Burden of Proof In Management

In hierarchical organizations where managers oversee direct reports, managers hold more responsibility over others than in the free world. When it comes to issues of discipline and performance, managers hold ultimate responsibility for the behavior and accountability of their team.

Even in the workplace, a person is innocent until proven guilty. Except perhaps in cases of sexual harassment or egregious breaches in security, no one person alone usually plays an encompassing role in the burden of proof. If one or two people take issue with another employee, the burden falls on those people to make their case. A manager cannot and shall not just take the word of a few people to drive decisive action.

However, if many people in the group and across multiple teams in the organization or even customer’s organizations take issue, the burden of proof must shift from the accusers to the manager of the accused. At this point, discipline and performance ceases to be a peer to peer issue and becomes a team issue. The manager as responsible party for the team cannot wait for all of the accusers to make their case and must instead take responsibility for the investigation. If the manager waits, he or she in a hierarchical sense becomes the one solely responsible for their direct report’s shortcomings. No one remains to be blamed except the manager until the team member in question can be proven guilty. Until that happens, the manager must alone wear the target on his or her back.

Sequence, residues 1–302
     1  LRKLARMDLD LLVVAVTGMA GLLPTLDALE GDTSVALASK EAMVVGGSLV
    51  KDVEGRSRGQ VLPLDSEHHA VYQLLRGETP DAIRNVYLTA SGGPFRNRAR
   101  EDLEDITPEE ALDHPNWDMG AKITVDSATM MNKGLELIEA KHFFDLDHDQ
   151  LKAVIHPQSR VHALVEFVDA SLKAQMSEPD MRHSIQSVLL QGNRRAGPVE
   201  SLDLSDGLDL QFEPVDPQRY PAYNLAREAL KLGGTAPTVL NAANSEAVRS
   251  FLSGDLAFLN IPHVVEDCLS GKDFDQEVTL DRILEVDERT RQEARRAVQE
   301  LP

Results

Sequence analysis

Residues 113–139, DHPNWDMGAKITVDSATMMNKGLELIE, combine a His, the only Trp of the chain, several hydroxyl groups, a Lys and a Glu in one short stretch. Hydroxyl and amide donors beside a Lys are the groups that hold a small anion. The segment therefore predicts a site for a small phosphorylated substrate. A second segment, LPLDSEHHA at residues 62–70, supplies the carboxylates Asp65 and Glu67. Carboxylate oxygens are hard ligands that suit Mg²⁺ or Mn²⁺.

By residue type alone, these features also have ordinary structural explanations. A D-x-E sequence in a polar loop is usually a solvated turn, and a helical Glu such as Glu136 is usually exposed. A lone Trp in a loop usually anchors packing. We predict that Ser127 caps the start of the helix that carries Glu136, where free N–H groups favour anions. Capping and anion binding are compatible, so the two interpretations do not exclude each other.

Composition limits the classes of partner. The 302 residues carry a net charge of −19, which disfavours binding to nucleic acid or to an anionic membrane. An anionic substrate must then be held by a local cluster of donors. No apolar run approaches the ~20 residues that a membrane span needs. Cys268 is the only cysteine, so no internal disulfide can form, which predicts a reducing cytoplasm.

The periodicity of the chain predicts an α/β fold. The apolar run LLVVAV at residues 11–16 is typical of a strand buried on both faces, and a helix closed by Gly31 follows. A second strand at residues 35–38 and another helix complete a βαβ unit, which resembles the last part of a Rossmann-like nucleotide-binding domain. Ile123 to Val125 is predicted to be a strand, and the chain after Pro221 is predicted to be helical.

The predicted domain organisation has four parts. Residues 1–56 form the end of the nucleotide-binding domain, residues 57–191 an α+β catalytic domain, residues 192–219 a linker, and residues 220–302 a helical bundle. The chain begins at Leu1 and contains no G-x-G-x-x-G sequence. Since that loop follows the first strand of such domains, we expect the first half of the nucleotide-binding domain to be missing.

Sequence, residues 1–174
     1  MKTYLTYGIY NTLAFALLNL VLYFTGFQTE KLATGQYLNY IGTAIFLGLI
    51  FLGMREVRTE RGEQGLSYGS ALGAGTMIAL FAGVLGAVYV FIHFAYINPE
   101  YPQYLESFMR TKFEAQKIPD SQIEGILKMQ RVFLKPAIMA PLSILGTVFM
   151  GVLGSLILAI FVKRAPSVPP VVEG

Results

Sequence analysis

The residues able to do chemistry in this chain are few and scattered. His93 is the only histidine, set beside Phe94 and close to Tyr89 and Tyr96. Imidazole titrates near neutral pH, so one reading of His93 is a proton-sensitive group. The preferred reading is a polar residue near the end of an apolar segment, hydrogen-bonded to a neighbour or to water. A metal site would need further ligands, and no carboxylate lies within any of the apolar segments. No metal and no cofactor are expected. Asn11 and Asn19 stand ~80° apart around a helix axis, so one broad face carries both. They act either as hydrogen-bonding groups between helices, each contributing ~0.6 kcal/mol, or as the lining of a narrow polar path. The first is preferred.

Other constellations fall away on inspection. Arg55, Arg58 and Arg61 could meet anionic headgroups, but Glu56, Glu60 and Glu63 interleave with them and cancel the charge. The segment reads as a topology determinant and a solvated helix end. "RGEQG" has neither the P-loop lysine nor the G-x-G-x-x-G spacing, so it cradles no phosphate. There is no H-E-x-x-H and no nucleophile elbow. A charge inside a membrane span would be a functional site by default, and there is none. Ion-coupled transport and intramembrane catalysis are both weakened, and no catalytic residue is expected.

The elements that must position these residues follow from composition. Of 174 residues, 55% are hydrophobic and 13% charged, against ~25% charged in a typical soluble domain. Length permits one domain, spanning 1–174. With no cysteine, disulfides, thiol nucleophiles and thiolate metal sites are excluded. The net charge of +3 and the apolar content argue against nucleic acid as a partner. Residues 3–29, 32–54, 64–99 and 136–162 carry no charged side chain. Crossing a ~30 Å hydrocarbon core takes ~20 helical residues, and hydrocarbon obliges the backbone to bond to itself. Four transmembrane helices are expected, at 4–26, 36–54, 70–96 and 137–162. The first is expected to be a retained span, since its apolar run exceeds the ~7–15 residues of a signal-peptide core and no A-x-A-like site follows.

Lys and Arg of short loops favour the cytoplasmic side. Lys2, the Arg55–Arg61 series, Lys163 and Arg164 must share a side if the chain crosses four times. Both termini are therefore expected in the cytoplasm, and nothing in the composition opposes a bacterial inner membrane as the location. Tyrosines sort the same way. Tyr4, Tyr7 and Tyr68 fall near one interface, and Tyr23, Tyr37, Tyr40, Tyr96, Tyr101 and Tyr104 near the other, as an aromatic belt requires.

If you don’t like it, distribute the management burden across the team into a self managed workplace (start by reading this book).

Show your support

Clapping shows how much you appreciated Craig Ormiston’s story.